American Indians fear losing their ancestral languages

A Native American tribesman prays on ‘National Indigenous Peoples Day’ in Newton, Massachusetts on October 10. JOSEPH PRECIOUS/AFP

The Native American peoples of the United States fear the disappearance of their languages ​​in the face of the massive use of English and Spanish.

The country, which has 6.8 million “native” Americans, about 2% of the population, celebrated this second “National Day of Indigenous Peoples” on October 10, proclaimed by a decree by Joe Biden, after an unprecedented decision by the Democratic President in October 2021. This new American holiday puts “Columbus Day” (Christopher Columbus Day) in the background, this holiday increasingly mocked by the anti-colonialist left.

In New York and Newton, Massachusetts, hundreds of descendants celebrated October 10 with ceremonies, prayers, dances and «pow-wow» in a festive atmosphere. Women and men of the Shinnecock Native American tribe of Long Island, a spit of land east of New York, gathered at sunrise.

Further north on the Atlantic coast, in New England, many Native Americans from the United States and the Caribbean also came together to dance, sing, pray, talk and eat. And this, at the very place where the first English pilgrims had been welcomed in 1620 by the Wampanoag Indians.

Invasion of English and Spanish

While their ancestors were decimated by centuries of colonization, their descendants today express the anguish of seeing their languages ​​swallowed up by English and Spanish in one generation. “It’s really possible, it’s the invasion of the 21st century”, breathes to AFP Anthony Sean Stanton, 64, chief of the Narragansett tribe. This last “encourages all indigenous peoples to hold on to what they have because once (the language) is lost, it is lost forever”.

A concern shared by the Lakota tribe, of the Sioux group, established in the two states of North and South Dakota. According to linguists and activists Wilhelm Meya and Travis Condon, they also fear the disappearance of their language, spoken by 1,500 speakers compared to 5,000 twenty years ago. “For the Lakota and most (Native American) communities in the United States, language transmission stopped in the mid-1980s”explains in a video interview with AFP Wilhelm Meya, also president of The Language Conservancy (TLC), an organization in Indiana which fights for the preservation of thousands of languages ​​and dialects.

“When a language does not develop, does not reproduce (…) it has reached a peak, it begins to decline because it is not renewed by other speakers”, worries the expert, whose association “attempts to prevent a complete collapse of indigenous languages ​​in North America”.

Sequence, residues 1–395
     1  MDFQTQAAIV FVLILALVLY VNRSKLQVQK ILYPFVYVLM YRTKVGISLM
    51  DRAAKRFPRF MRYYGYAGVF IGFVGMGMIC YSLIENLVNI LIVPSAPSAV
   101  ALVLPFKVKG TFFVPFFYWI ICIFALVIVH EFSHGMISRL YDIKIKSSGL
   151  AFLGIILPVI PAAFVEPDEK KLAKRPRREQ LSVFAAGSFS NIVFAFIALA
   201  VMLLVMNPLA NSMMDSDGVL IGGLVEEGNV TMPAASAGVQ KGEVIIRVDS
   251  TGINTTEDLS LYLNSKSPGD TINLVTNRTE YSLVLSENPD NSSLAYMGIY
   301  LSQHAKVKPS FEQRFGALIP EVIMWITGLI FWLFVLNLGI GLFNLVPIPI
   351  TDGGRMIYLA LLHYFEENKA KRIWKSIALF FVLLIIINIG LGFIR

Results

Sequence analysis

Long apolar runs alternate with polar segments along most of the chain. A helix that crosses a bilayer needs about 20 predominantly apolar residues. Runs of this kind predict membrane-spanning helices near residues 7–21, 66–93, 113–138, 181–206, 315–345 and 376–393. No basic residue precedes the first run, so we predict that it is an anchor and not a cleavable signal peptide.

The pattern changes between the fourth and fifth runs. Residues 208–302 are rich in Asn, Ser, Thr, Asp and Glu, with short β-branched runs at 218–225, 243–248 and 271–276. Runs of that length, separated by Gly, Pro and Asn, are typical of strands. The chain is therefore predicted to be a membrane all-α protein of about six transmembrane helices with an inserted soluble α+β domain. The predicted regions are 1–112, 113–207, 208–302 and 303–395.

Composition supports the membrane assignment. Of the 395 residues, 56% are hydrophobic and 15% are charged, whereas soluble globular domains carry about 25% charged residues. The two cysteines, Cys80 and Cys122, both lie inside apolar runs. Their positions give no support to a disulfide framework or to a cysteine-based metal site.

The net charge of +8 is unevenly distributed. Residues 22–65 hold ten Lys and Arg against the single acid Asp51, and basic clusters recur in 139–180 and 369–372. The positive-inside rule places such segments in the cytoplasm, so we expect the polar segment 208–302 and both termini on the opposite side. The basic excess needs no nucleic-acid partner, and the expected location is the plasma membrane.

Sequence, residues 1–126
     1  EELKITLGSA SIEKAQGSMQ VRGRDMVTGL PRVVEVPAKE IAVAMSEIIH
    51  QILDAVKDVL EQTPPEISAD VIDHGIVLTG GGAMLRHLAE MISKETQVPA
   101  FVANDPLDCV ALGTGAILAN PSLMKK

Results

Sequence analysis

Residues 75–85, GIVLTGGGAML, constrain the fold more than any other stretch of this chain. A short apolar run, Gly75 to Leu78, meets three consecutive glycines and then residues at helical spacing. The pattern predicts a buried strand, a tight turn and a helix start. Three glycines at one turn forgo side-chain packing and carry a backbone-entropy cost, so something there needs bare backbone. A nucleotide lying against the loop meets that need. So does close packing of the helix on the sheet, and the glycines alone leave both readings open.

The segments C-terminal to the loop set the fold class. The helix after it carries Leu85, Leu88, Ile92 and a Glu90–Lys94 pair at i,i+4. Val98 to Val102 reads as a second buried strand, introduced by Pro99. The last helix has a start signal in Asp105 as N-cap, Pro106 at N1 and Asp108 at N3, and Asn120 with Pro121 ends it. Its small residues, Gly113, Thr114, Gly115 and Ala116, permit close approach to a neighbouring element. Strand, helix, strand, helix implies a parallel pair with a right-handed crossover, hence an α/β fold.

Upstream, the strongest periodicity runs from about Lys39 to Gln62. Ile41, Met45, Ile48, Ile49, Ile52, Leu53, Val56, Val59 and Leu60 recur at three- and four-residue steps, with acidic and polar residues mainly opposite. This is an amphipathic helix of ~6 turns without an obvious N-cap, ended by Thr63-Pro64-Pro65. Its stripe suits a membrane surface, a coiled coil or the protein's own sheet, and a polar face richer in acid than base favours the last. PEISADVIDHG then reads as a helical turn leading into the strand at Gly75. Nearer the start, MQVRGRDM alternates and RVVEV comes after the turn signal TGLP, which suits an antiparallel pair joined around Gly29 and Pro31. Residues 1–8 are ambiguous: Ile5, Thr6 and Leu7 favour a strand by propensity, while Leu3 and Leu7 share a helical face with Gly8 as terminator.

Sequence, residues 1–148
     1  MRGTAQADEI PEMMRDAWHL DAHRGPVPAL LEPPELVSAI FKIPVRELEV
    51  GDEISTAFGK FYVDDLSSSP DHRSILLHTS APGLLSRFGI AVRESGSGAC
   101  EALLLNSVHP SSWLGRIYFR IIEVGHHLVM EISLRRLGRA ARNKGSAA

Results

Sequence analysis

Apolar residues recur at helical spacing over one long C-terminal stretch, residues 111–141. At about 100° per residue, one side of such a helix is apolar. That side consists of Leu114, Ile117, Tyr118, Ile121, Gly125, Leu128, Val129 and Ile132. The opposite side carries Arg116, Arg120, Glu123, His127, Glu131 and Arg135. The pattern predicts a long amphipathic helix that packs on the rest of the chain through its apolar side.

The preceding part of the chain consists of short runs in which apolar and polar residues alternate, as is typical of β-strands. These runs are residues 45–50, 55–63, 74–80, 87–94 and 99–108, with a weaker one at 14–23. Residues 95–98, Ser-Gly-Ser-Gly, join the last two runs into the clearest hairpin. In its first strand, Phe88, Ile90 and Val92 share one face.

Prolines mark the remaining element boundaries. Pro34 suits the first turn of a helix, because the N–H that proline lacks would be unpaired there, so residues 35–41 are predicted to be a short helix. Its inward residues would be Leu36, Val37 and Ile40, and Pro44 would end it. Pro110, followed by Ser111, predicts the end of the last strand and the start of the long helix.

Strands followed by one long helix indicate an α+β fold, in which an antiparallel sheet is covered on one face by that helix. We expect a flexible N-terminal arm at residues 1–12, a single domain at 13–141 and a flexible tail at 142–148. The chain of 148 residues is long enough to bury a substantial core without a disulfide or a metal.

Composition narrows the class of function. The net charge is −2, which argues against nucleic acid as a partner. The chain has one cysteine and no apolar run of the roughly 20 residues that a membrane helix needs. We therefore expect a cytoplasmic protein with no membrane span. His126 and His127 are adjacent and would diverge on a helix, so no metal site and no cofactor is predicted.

90% of languages ​​will disappear

According to TLC, “out of the 7000 languages ​​spoken in the world, 2900 are in danger. At this rate, nearly 90% of all languages ​​will be extinct within the next 100 years.. And Native American languages “are dying out at an even faster rate with more than 200 already eradicated” out of the 400 to 500 existing, before the arrival of the Europeans. To stop the bleeding, you must “teaching our Native American languages ​​in school” public, what “the federal government authorized from the 1970s”recalls Wilhelm Meya.

He also campaigns for “making dictionaries, training teachers, developing teaching materials, translating cartoons and documentaries (…) everything that can affect young people who have a huge thirst to learn their language”. Like 18-year-old Miya Peters, from the Wampanoag people, she is learning her language through a partnership between her tribal school and her public school. “I like it, it’s difficult and very different, but it’s part of who I am”said the young woman.

Wilhelm Meya points out that “the federal government has taken 100 years and billions of dollars to eradicate Native American languages ​​through the school system” in the USA. “It will take the same resources to revive these native languages ​​in North America. It is much more difficult to create than to destroy..

The two linguists Wilhelm Meya and Travis Condon want to continue the work of a personality of Native American culture, renowned in the United States and abroad: Kevin Locke, ardent defender of the Lakota language, “fighter for his tribe, ambassador for humanity”who died suddenly on September 30, at the age of 68.

SEE ALSO – “Studying the Greek language forced me to grow”

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